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CORRESPONDENCE
Year : 2022  |  Volume : 67  |  Issue : 2  |  Page : 170-172
Localized pustular purpuric eruption associated with propionic acid NSAIDs: Acute localized exanthematous pustulosis accompanied with leukocytoclastic vasculitis


1 From the Department of Dermatology, Saiseikai Central Hospital, Mita Minato-Ku, Tokyo; Department of Dermatology, Tokyo Dental College, Ichikawa General Hospital, Ichikakwa, Chiba, Japan
2 From the Department of Dermatology, Keio University School of Medicine, Shinjuku-Ku, Tokyo, Japan
3 From the Department of Dermatology, Saiseikai Central Hospital, Mita Minato-Ku, Tokyo, Japan

Date of Web Publication13-Jul-2022

Correspondence Address:
Keiji Tanese
From the Department of Dermatology, Keio University School of Medicine, Shinjuku-Ku, Tokyo
Japan
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Source of Support: None, Conflict of Interest: None


DOI: 10.4103/ijd.ijd_841_21

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How to cite this article:
Baba Y, Tanese K, Kimura Y. Localized pustular purpuric eruption associated with propionic acid NSAIDs: Acute localized exanthematous pustulosis accompanied with leukocytoclastic vasculitis. Indian J Dermatol 2022;67:170-2

How to cite this URL:
Baba Y, Tanese K, Kimura Y. Localized pustular purpuric eruption associated with propionic acid NSAIDs: Acute localized exanthematous pustulosis accompanied with leukocytoclastic vasculitis. Indian J Dermatol [serial online] 2022 [cited 2022 Aug 17];67:170-2. Available from: https://www.e-ijd.org/text.asp?2022/67/2/170/350818




Sir,

A 39-year-old female presented with a localized enlarging indurative purpura on the right lower leg that had developed within a month [Figure 1]a. She had been taking ibuprofen, propionic acid nonsteroidal anti-inflammatory drugs (NSAIDs), twice a week to treat her headache. Histopathologically, the lesion showed neutrophilic exocytosis with intraepidermal micropustules and leukocytoclastic vasculitis (LCV) around the postcapillary venules [Figure 1]b and [Figure 1]c. After this first episode, she discontinued ibuprofen, and the lesion resolved within a week.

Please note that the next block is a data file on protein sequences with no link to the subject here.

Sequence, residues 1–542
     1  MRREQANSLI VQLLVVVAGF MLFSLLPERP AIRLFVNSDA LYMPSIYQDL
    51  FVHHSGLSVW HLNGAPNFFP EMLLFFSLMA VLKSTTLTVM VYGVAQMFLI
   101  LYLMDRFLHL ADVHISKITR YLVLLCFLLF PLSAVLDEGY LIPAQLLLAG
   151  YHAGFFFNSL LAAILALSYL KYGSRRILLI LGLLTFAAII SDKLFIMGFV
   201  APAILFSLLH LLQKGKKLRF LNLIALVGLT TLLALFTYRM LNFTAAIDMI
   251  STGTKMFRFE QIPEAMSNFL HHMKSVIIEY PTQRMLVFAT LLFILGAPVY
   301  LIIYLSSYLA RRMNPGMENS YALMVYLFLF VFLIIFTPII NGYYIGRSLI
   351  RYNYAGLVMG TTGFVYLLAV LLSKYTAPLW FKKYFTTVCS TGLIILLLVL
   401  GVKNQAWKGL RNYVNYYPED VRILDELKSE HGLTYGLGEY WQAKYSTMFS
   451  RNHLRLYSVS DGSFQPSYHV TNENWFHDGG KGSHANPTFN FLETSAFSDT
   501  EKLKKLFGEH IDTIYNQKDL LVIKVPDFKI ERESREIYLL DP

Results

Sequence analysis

Figure 1: Clinicopathological findings at the initial visit. (a) Clinical appearance. Indurative purpura on the anterior side of the right lower leg. (b) Histopathological findings of the first episode, Hematoxylin and eosin staining (40 ×). Intraepidermal abscess and perivascular inflammatory cell infiltration with erythrocyte extravasation. (c) High power magnification (Hematoxylin and eosin staining). Neutrophilic exocytosis with intraepidermal micropustule formation and perivascular neutrophilic infiltration with erythrocyte extravasation and nuclear dusts was observed